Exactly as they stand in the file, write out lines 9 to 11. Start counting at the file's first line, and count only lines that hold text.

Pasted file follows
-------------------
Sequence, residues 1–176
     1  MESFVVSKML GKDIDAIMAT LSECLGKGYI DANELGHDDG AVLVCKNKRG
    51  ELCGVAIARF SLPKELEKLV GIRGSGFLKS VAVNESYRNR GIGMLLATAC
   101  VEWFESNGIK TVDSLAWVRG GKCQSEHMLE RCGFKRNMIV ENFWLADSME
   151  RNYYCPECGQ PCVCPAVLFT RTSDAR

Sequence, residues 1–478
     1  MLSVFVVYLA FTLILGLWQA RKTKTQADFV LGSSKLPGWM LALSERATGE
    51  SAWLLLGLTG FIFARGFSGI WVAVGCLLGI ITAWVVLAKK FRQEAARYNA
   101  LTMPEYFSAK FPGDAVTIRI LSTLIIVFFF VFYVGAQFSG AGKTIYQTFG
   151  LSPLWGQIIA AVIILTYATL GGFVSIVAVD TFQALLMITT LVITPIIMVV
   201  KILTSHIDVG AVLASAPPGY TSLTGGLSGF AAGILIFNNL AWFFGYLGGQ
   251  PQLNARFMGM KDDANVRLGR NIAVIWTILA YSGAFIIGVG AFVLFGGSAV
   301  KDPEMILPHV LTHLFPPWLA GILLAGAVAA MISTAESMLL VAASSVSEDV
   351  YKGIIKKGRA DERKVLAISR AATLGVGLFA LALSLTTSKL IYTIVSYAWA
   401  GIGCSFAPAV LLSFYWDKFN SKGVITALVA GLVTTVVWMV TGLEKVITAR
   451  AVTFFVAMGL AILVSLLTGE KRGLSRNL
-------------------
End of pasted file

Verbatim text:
   101  LTMPEYFSAK FPGDAVTIRI LSTLIIVFFF VFYVGAQFSG AGKTIYQTFG
   151  LSPLWGQIIA AVIILTYATL GGFVSIVAVD TFQALLMITT LVITPIIMVV
   201  KILTSHIDVG AVLASAPPGY TSLTGGLSGF AAGILIFNNL AWFFGYLGGQ